In the video, green corresponds to a happy mood and red corresponds to a grumpier state of mind. The area of each state is scaled according to the number of tweets originating in that state. Note how the East Coast is consistently 3 hours ahead of the West Coast, so when we’re sleeping in Boston, the Californians are tweeting away. It’s also interesting that better weather seems to make you happier (or rather, that better weather is correlated with happier tweets): Florida and California seems to be consistently in a better mood than the remaining US. Also note how New Mexico and Delaware behave very differently from their neighbors. Full results, individual maps, and a high-res poster can be found on the dedicated Twitter Mood website.

How to construct the mood map

Since many twitter users list their location, we’ve assigned every tweet in our (massive) database to a US county and extracted their mood. This allows us to average over tweets and plot the mood of the US as a function of geography (and time). However, since the US is unevenly populated, the resulting maps are boring since only a few counties (the centers of cities) contain most of the tweets (not too many tweets in Ellsworth, Nebraska yet).

Luckily, brilliant people have come up with a cool way of solving this problem using a technique called density equalizing maps3. (or cartograms) The idea here is simple: warp the map in such a way that certain features of shape are conserved, but in such a way that the (population) density becomes the same everywhere. The resulting maps look like something from an alternate universe and allow us to show the US mood much more clearly.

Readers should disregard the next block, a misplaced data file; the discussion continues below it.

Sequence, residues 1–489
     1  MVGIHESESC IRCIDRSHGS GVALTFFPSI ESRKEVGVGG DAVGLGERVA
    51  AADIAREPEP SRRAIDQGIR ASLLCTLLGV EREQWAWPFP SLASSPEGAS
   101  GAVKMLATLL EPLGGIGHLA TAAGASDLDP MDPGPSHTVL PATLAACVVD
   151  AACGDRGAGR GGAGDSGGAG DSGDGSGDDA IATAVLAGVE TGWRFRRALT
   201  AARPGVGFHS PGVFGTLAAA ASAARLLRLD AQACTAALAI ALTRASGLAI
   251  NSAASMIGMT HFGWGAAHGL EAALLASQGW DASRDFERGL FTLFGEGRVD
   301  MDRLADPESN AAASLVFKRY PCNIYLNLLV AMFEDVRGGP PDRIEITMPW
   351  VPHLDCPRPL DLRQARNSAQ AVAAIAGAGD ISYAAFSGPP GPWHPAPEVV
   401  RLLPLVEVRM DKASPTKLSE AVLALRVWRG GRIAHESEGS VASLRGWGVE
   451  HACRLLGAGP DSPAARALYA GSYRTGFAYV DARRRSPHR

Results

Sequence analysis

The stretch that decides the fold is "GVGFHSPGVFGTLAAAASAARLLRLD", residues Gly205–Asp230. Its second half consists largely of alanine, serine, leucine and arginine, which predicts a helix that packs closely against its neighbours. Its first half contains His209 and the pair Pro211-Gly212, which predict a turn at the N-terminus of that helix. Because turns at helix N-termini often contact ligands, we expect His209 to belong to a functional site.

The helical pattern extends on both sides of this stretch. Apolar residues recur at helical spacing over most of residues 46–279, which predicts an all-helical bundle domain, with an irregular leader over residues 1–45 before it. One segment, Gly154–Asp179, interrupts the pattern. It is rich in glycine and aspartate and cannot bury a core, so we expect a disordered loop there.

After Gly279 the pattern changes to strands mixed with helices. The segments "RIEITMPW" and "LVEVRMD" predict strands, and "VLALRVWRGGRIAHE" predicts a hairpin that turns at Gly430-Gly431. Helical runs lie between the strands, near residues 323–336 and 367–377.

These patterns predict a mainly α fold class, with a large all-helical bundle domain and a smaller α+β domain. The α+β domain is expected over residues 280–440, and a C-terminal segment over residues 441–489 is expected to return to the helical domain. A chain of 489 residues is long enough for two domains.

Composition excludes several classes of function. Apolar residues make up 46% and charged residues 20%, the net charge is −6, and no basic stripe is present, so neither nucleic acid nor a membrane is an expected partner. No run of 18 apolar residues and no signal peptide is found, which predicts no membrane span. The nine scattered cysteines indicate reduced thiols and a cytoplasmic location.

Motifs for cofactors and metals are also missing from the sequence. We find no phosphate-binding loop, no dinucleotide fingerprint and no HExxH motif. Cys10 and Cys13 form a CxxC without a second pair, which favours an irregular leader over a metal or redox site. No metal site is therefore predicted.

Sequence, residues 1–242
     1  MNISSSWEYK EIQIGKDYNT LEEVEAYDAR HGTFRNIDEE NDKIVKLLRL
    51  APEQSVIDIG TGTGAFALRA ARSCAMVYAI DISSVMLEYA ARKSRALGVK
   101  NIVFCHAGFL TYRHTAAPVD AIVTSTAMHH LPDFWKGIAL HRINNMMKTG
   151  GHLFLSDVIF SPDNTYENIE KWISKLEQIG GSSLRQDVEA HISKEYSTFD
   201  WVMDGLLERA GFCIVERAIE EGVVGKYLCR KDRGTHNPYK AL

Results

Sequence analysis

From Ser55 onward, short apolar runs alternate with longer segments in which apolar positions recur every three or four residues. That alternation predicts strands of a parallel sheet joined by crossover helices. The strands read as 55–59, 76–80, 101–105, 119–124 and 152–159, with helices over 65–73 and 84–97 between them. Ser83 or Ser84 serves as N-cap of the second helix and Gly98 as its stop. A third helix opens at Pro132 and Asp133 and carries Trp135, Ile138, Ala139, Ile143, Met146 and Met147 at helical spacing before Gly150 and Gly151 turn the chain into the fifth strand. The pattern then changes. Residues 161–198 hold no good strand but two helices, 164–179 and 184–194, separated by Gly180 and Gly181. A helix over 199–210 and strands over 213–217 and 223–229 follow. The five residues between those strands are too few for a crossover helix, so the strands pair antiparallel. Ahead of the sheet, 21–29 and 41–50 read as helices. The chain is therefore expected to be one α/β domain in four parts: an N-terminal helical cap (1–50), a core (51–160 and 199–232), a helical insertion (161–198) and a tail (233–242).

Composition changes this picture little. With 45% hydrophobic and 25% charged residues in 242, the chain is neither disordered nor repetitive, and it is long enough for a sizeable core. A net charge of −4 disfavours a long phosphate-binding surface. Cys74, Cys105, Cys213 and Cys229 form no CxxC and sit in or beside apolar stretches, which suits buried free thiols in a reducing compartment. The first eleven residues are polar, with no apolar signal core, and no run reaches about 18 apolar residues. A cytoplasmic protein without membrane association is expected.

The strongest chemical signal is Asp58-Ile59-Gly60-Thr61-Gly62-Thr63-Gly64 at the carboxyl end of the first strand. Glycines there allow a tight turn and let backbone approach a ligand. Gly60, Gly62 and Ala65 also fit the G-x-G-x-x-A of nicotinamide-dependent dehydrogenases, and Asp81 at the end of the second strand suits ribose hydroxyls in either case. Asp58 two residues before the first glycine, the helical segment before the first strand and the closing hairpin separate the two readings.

Notes

  1. The twittermood project members are Alan Mislove, YY Ahn, JP Onnela, Niels Rosenquist, and undersigned.
  2. For a deeper explanation of how we evaluate the mood of tweets, see the Twitter Mood website.
  3. An easily accessible explanation of the density equalizing maps, is posted on the Twitter Mood website.

Erdös Number

The scientific version of the Bacon number is the Erdös number. Via a post on Finn Nielsen’s blog, I learned that i have a reasonably low Erdös number – three. (I also learned that Finn is one of the few people with a finite Erdös-Bacon number). The reason for both Finn’s and my own low Erdös number, is that my PhD advisor Lars Kai Hansen has co-authored a (highly cited) paper with Peter Salamon who has a bacon number of one. The links are:

  • P. Salamon and P. Erdös. The Solution to a Problem of Grünbaum, Canadian Mathematical Bulletin, 31: 129-138 (1988).
  • L.K. Hansen and P. Salamon. Neural Network Ensembles, I.E.E.E. Transactions on Pattern Analysis and Machine Intelligence, 12: 993-1001 (1990).
  • S. Lehmann, M. Schwartz, L.K.Hansen. Biclique communities. Physical Review E 78:016108 (2008).

With respect to the Erdös-Bacon number, I could make the case that I should have a number of four. The reason is that I actually appear in the documentary (it’s just an uncredited half-second shot of me sitting at my computer) Connected – The power of six degrees, which features my ex-boss and renowned scientist Albert-Laszlo Barabási. Here’s the trailer:

But since I don’t appear on IMDb, I guess it doesn’t really count…

Pervasive Overlap

Just recently, I came across the following video showing LinkedIn chief scientist DJ Patil explaining the egocentric networks (networks consisting of an individual and their immediate friends) for a few individuals based on their LinkedIn connections.